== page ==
On the arranged date, the Jews set out to survey the land which their Arab neighbors wanted to sell. The Muktar Abdulla graciously sent them a guide who showed them the way through the mountains to his village. Traveling on horseback, the journey up and down the hillsides and valleys took them two hours, but a bird could have spanned the same distance in minutes. While LeClerc was adamantly against the meeting, calling it an excuse to take off from work, the Morasha settlers went all the same, having reached the conclusion that the Morasha colony desperately needed to find a new site. The topography of their present location was simply not suited for farming. If the parcel which the Arabs were selling had more potential than Morasha, than the settlers would advise the Baron to buy it. They hoped that by appealing to the Baron directly, they could circumvent his parsimonious clerk. In the meantime, the Morasha pioneers had made another important decision. After days of debate, the community forum had voted to hire Arab laborers to work with them in the fields. Nachman and Shmuelik were against the plan for ideological reasons. It was important, they claimed, to build a Jewish work force, and to rely solely on Jewish labor. Tevye was more pragmatic. The settlers were shorthanded, the work was never ending, and they needed to make as much progress as they could before the winter began. Also, if there were Arabs to work in the fields, the Jews would be free to erect more houses. In the end, Tevye’s supporters won out. The Arab village was modest in size, consisting of a few dozen mud dwellings, surrounding a centralized mosque. Children walked barefoot and scavenged through mounds of garbage. Many were skeleton thin, and yellow pus dripped from their eyes. Dogs lounged lifelessly in the shade, their tongues hanging out of their mouths, their ribs clearly visible in their emaciated chests. Chickens ran around everywhere. Dangling from a pole was the head of a camel. Flies swarmed around the blood which was still dripping from the cut where the neck had been severed from the animal’s body. “Camel is an Arab delicacy,” Elisha told Tevye.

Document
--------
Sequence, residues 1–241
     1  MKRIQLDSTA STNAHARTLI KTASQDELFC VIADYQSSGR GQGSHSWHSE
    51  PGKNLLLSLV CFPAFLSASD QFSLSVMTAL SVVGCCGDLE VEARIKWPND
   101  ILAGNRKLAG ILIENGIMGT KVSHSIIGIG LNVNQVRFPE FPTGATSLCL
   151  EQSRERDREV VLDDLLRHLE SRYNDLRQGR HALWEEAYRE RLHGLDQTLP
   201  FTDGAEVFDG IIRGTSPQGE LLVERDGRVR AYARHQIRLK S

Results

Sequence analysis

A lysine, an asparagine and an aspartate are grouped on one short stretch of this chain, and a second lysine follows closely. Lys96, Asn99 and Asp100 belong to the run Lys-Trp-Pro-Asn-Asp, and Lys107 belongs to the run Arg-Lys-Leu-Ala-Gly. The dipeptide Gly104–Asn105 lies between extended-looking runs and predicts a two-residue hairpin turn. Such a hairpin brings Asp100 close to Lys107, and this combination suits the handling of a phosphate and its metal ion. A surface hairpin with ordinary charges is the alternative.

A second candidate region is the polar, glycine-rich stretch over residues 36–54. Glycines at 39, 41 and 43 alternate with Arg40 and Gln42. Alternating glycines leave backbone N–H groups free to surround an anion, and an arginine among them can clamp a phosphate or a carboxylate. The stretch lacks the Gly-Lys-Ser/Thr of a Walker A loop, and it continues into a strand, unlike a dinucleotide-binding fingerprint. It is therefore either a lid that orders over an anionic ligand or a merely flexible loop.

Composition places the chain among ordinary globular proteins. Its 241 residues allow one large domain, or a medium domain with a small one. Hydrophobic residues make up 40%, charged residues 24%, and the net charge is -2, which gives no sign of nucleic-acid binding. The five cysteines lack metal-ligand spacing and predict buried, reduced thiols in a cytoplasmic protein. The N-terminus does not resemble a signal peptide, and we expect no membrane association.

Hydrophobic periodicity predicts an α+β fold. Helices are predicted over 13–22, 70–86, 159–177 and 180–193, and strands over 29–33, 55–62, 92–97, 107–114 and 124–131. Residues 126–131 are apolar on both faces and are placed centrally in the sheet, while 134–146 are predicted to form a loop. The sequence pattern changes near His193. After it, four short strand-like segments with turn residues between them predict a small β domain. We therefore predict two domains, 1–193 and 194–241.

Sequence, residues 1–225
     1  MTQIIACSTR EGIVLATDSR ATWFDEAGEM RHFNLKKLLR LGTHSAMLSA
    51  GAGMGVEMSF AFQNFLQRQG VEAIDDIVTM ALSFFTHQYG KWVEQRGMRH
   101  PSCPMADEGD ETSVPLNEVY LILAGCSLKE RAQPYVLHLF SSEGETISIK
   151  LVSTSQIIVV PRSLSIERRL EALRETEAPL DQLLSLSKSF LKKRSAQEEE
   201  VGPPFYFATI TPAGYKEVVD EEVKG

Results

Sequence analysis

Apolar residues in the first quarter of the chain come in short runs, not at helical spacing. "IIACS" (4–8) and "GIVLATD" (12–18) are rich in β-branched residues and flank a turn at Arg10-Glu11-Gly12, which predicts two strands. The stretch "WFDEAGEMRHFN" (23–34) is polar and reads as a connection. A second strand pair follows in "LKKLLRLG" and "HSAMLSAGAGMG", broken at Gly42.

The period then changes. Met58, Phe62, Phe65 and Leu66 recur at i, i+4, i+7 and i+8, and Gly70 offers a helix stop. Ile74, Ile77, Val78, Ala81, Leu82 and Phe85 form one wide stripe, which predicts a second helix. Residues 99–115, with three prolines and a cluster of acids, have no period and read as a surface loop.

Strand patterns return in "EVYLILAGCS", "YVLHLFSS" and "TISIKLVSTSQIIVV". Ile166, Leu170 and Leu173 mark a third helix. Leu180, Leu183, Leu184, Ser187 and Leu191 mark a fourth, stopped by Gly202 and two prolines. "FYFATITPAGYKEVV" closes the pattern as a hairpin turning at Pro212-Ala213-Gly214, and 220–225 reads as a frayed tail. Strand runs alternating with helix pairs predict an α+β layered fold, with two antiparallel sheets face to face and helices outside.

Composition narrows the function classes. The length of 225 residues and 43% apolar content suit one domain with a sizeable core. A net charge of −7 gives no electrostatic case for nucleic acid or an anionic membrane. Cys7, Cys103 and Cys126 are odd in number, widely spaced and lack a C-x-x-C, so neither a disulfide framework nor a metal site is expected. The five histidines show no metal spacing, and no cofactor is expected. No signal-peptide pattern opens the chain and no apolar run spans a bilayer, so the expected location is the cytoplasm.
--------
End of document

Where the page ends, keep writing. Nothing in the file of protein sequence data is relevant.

“They eat it?” Tevye asked, his eyes wide in surprise.
“Not only do they eat it – they’ll expect you to eat it too.”
The Muktar rushed forward and greeted them warmly, falling on his knees and bowing. His hand moved ceremoniously from his heart to his lips in gestures of loyalty and devotion. For what seemed a full minute, the Jews faced the Arabs and bowed in exchanges of mutual honor. How different this tribe was from the Arabs who had murdered Ben Zion, Tevye thought. Still bowing, the chief inviting the Jews into his house, where a feast was laid out before them. Noticing their worried glances, the Muktar assured them that in preparing the food, he had been careful to respect the dietary laws of the Jews. All of the salads, vegetables, and fruits could be eaten, and the main course was to be a Mediterranean couscous with raisins and nuts. The Muktar‘s daughters poured tea from gleaming brass pots, and a water pipe filled with aromatic herbs was passed around for all to imbibe. Nachman refrained from eating the Arab pita, but Tevye and Elisha washed their hands and made a HaMotzei blessing on the bread, not wanting to offend their host who insisted they eat. Watching the Yemenite break off pieces of pita and scoop up the heavily oiled techina and humous, Tevye followed suit, as if he had been eating oriental salads for years. To his surprise, he found himself taking seconds of the pasty, exotic spreads. Nonetheless, as more colorful dishes and salads were spread out before them, Tevye kept an eye out for the other half of the camel which they had seen hanging outside.
The Muktar poured the Jews glasses of a tasty date liqueur which Elisha called Yaish.
“L’Chaim,” the chief toasted, allowing himself a small sip.
“L’Chaim,” the Jews responded.
After the satiating meal, the Muktar Abdul Abdulla showed the Jews his land deed and led them on a tour of the parcel of land which he wanted to sell, a short ride away from the village. The site was situated upon a plateau, with breathtaking views to all sides. Underground wells were plentiful, and, in the past, much of the land had been cultivated, obviating the need to carve fields out of the rocky soil. Hillsides had been planted with olive trees, and terraced for vineyards.
About the Author: Tzvi Fishman was awarded the Israel Ministry of Education Prize for Creativity and Jewish Culture for his novel "Tevye in the Promised Land." A wide selection of his books are available at Amazon. The views expressed in this blog are solely those of the author and do not represent the views of The Jewish Press
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